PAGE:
Understanding Brewing Sugars

If there is a “Rodney Dangerfield” of amateur beermaking it would have to be non-barley-based sugar. According to the orthodoxy, there is no place in “real” beermaking for using sugars based on cane, corn, rice, honey or maple trees. The prevailing attitude came about as a result of abuse, rather than appropriate use of other sugars in the brewing process along with some very entrenched beer snobbery.

Conventional Wisdom is not without some small merit. Any recipe which calls for adding two pounds (1 kg) of white granulated table sugar with 3-4 lbs. (1.5-1.8 kg) of malt extract is sacrificing quality for ease, speed and price considerations. That being said, sugar also does not deserve to be the pariah of brewing either. When used in addition to quality malts and malt concentrates (as opposed to “instead of”) different sugars can impart complex flavors to beer. It also allows a brewer to increase the strength of a beer without substantially increasing the body or changing the flavor profile. Inverted cane sugar is useful when trying to brew a barleywine, dopplebock or trippel from an extract base. Lesser refined sugars such as molasses, treacle or turbanado cane sugar have been used by British breweries in strong ales, porters, and stouts for years with successful results. Belgian Candi sugar is considered indispensable for brewing a Trippel. The key to successful brewing with refined sugars is to understand when, where and how much is appropriate.

The most common refined sugar used in homebrewing is corn sugar, also referred to as Brewing Sugar. Corn sugar tends to be more fermentable and leave less aftertaste than cane or beet sugar. A good rule of thumb is that the amount of corn sugar you can use without effecting the flavor of the beer is 10-15% of the total gravity of the beer. Corn sugar will contribute approximately 1.0085 degrees of gravity per pound per 5 gallons of beer being made. As an example, if you are making a porter with an original gravity (gravity pre-fermentation) of 1.060, and wish to “beef it up” some, then you could add up to 1 lb. (1/2 kg) of corn sugar. 1.060 x 15% = 1.009 which is about one pound.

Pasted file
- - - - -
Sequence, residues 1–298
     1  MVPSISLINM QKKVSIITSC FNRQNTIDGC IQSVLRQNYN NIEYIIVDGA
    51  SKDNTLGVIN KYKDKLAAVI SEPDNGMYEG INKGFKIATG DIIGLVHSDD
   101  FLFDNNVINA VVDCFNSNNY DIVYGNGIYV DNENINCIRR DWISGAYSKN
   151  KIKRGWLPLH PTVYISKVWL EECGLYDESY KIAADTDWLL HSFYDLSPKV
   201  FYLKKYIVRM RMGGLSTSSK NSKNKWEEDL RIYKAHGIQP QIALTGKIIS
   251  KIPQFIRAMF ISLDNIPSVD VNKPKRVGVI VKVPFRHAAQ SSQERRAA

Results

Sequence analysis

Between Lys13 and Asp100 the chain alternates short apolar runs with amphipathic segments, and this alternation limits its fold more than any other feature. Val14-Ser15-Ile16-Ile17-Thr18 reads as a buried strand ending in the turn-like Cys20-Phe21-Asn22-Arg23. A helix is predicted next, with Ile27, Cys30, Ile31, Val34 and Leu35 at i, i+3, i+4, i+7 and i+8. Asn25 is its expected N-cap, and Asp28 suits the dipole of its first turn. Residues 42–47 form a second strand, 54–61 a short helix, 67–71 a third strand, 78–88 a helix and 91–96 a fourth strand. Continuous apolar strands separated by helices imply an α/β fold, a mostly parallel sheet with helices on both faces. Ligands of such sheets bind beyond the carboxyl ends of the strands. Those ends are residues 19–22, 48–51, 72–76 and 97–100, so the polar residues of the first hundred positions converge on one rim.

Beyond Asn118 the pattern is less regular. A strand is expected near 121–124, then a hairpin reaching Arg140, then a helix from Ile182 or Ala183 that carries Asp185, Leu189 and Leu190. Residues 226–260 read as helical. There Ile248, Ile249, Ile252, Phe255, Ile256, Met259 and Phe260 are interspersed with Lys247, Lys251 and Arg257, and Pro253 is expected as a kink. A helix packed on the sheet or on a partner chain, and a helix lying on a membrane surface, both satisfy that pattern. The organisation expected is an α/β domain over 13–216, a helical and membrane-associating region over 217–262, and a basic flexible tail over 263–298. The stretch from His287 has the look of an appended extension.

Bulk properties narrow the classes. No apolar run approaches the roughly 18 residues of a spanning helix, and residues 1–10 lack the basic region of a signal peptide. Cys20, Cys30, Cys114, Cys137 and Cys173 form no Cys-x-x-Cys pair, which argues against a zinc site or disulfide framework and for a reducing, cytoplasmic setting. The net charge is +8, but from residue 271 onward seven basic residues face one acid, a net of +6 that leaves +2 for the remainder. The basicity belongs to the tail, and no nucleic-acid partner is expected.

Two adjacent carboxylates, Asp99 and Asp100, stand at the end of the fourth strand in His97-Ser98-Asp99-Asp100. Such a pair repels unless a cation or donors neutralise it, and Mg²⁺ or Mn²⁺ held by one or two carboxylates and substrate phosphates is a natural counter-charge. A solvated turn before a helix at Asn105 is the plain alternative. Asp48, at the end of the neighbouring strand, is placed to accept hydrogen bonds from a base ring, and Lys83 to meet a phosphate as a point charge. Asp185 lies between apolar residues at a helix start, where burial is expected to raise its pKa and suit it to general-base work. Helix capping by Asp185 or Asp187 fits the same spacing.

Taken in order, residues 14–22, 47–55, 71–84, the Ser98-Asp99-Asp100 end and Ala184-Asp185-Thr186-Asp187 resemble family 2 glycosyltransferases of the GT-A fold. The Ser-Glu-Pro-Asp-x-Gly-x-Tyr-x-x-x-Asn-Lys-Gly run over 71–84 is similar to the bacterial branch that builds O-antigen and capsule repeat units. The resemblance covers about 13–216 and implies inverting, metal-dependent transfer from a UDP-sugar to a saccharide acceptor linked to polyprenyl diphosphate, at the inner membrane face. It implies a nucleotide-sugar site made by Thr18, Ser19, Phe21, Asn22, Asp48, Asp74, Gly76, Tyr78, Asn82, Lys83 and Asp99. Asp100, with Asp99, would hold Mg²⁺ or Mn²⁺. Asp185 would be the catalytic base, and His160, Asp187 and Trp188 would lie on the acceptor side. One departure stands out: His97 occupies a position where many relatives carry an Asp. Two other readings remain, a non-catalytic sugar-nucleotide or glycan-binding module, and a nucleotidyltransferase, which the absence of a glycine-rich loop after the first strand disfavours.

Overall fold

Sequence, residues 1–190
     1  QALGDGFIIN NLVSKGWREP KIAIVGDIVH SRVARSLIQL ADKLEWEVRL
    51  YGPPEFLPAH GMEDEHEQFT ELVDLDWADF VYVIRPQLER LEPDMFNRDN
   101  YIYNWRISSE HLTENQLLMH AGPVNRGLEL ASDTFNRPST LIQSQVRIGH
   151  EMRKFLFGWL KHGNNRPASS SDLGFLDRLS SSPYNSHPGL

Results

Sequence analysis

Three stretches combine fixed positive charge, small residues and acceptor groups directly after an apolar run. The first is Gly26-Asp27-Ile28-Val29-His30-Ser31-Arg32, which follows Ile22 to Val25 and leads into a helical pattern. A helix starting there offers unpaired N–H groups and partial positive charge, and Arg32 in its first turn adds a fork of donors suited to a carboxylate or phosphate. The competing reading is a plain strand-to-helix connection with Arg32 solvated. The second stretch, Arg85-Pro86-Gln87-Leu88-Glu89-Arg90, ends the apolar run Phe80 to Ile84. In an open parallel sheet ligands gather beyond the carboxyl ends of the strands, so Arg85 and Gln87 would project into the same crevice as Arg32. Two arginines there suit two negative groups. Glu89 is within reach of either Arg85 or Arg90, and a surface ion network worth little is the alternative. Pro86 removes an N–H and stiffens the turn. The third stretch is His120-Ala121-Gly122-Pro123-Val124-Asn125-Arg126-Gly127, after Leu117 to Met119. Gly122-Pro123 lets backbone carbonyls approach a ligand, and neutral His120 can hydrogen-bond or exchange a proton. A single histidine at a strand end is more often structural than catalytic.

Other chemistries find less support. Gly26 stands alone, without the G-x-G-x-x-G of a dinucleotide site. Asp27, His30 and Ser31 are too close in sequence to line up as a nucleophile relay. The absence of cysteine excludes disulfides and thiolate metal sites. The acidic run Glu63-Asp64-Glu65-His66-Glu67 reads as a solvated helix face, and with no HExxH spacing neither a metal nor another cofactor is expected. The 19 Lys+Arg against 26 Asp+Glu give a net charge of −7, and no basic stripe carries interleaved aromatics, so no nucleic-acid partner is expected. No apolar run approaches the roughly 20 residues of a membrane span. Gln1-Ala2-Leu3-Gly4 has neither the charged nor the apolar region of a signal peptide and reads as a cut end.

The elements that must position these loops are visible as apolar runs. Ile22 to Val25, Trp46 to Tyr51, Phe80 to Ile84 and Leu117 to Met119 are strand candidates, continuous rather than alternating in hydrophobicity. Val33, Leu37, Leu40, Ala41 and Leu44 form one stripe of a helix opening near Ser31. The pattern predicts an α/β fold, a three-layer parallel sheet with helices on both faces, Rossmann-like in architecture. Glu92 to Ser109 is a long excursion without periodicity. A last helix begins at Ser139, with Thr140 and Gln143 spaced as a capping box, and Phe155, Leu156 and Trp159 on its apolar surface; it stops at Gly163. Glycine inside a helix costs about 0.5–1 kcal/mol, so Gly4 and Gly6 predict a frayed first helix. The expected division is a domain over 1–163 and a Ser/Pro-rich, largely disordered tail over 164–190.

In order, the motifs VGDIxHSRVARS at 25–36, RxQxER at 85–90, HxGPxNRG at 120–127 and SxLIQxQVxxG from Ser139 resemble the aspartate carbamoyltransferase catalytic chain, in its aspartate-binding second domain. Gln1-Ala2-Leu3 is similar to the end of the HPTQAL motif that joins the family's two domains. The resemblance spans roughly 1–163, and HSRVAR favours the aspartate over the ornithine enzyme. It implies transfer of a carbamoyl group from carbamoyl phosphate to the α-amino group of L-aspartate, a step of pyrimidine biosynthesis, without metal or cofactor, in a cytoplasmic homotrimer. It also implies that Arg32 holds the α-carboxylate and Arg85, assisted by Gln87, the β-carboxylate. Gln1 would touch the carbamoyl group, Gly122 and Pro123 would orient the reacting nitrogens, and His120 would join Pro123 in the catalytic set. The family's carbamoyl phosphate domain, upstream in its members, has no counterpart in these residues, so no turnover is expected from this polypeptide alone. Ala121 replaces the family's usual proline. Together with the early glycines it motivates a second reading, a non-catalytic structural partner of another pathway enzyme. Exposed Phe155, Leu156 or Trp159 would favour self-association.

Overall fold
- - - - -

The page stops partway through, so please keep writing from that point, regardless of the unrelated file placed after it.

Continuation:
Most homebrewing kits, including Coopers Beer Kits, provide you with the option of adding either 1 kg of brewing sugar, or 1.5 kg (3.3 lbs.) of unhopped malt concentrate. When made with sugar, beer kits will make a beer that is characterized as being light in body and mouthfeel, much like a Light American Lager style beer. They tend to ferment very quickly, and will reach a state of maturity with a couple of weeks. If 1.5 kg of unhopped malt concentrate is used, the beer will have more body, more mouthfeel and more “beer” flavor. It will also take a bit longer to ferment and mature. This type of production is mostly favored by microbrew and imported beer fans.

Is it possible to make a Light American Lager style beer without the use of rice and/or corn? No. It is also not possible to make many Belgian-style ales without the use of corn or beet-based sugars. And who can deny the pleasure of some of the fine summer-oriented fruit beers that make liberal use of honey? Experimentation is an intricate part of amateur beermaking. So, go ahead, try some Real Vermont maple syrup in that stout beer recipe next time! If you have any questions about making beer with other types of sugars, please contact me at mark@cascadiabrew.com.

Damn it Jim, we’re trying to make beer...


"For a tasty Summer treat, which uses liberal amounts of clover honey, see our 'Very Berry Honey Wheat Ale' recipe in our recipe database."
-Tom Heffernan
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